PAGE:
Two Brussels brothers known to police were among the suicide bombers who carried out deadly attacks on the international airport and subway in the Belgian capital, local media reported Wednesday, while an arrest was said to have been made during a raid.
An official confirmation was not immediately available. Federal prosecutors have scheduled a press conference for 1 pm (1200 GMT).
The Brussels brothers, Khalid and Brahim El Bakraoui had been involved in organized crime, but had so far not been linked to terrorist activities, police sources told the broadcaster RTBF.
It had first reported that the two brothers had blown themselves up at the Brussels airport, but later joined other Belgian media in saying that the brothers had split, with one targeting the airport and the other the Maelbeek subway station.
The attacks are believed to have killed some 31 people, while nearly 260 were injured, Health Minister Maggie De Block told the broadcaster Radio 1. Those figures could still change, she added.
The Islamic State jihadist group has claimed responsibility for both attacks in Brussels.
Khalid El Bakraoui had used a false identity to rent an apartment in the Brussels neighbourhood of Forest where a shootout with police occurred during a terrorism raid last week, RTBF said. That incident later led to the arrest of Paris attack suspect Salah Abdeslam.
The 27-year-old El Bakraoui is also thought to have rented a hideout in the southern city of Charleroi that was used to prepare the deadly terrorist attacks in Paris last November, the broadcaster said.
He had been sentenced in early 2011 to five years in prison for carjackings, after having been arrested in possession of Kalashnikov rifles, according to the Belga news agency.
Khalid El Bakraoui carried out the bombing at the Maelbeek station, which is believed to have taken place in a subway train, RTBF said.
His brother, 30-year-old Brahim, had been sentenced in 2010 to nine years in prison for having shot at police with a Kalashnikov rifle during a hold-up, Belga said. He was one of the suicide bombers at the airport, according to RTBF.
The broadcaster also reported that another Brussels airport suspect whom police have been looking for since Tuesday may be Najim Laachraoui, an accomplice of Abdeslam who had been sought for months in connection with the Paris attacks.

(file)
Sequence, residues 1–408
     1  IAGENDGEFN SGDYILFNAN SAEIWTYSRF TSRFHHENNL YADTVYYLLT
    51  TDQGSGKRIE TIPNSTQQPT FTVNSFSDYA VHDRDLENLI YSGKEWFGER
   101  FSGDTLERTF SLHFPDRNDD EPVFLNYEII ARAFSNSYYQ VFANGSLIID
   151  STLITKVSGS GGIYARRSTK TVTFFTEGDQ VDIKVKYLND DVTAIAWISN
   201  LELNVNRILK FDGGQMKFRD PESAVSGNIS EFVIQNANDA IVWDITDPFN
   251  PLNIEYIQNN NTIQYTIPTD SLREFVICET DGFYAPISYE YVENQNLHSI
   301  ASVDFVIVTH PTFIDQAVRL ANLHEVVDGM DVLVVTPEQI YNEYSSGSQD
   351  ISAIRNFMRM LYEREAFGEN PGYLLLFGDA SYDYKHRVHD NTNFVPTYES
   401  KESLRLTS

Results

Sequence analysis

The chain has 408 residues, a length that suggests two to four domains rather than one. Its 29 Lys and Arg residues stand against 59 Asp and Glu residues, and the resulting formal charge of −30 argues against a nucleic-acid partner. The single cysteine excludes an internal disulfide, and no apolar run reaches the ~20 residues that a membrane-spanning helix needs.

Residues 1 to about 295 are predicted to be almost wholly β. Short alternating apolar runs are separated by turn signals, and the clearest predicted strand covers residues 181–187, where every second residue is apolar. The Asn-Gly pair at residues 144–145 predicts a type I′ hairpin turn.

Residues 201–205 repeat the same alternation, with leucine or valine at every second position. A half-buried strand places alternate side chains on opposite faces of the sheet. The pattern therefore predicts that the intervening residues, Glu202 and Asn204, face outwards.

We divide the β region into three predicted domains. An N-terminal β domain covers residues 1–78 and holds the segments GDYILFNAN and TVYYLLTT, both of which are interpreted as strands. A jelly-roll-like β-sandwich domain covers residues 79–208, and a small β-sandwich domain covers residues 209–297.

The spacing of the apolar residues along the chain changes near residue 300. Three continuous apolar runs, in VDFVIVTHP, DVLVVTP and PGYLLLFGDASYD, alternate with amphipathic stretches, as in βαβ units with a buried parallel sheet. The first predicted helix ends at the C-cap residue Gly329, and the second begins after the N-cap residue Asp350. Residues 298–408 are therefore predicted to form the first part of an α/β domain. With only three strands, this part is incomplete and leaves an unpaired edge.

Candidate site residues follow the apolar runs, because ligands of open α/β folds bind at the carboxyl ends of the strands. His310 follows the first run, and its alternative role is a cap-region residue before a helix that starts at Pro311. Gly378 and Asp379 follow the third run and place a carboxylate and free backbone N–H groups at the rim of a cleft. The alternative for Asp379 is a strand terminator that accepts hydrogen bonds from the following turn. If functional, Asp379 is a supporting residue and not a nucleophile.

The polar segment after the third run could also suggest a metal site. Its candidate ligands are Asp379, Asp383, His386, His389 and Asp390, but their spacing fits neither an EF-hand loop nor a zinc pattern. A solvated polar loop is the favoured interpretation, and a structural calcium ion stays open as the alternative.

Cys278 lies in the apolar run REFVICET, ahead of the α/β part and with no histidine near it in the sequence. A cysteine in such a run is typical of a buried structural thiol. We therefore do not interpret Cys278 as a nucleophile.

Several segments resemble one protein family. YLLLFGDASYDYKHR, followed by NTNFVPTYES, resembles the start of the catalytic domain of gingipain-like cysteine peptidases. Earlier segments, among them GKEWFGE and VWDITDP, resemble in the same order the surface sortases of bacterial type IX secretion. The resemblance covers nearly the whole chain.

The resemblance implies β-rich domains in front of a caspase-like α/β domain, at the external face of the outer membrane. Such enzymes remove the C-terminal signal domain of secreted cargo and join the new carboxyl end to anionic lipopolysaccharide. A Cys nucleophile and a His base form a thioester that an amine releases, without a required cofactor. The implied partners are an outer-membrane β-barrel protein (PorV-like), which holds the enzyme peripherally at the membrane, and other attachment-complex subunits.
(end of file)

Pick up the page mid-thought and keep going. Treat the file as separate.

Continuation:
The newspaper La Libre Belgique and the broadcaster RTL reported Wednesday that Laachraoui was arrested during police raids in the Brussels neighbourhood of Anderlecht. Other Belgian media said they could not confirm this information.
According to some media reports, Laachraoui may also be a man that police have been looking for in connection with the Brussels attacks. That suspect's suicide bomb is believed not to have exploded at the airport.
The three suspects arrived at the airport by taxi, the mayor of the nearby town of Zaventem told the news agency. The taxi driver gave police the address where he picked up the three men, according to the broadcaster VTM.
While international rail service was slowly returning to normal, the airport - Belgium's hub for international flights - remained closed on Wednesday.
"Because the forensic investigation is still underway, we currently have no access to the building. It is therefore impossible for us to assess the damage. As a result the airport will remain closed to air traffic today," Brussels Airport said in a statement.
"In the course of Wednesday we will assess when the operations can be resumed," it added.
Some 1,500 to 1,600 stranded passengers spent the night in three emergency shelters, Belga wrote.
The Maelbeek station is expected to remain closed for weeks, the news agency quoted Brussels mayor Yvan Mayeur as saying.
Belgian Prime Minister Charles Michel is expected to go to the station together with his visiting French counterpart, Manuel Valls, on Wednesday at 12 pm (1100 GMT). Brussels authorities have called for a minute of silence at that time.
Belgian King Philippe and Queen Mathilde are also scheduled to mark the minute of silence near the Maelbeek station.
Churches across the country have been asked to ring their bells after the minute of silence, as a sign of "a deep sorrow and at the same time hope," the Belgian bishops' conference said in a statement.
Belgium is in the midst of holding three days of national mourning. The public has been laying out flowers and candles in a central square since Tuesday.
An emergency meeting of European ministers responsible for security could be convened as early as Thursday on Belgium's request, Dutch Security and Justice Minister Ard van der Steur said on Twitter.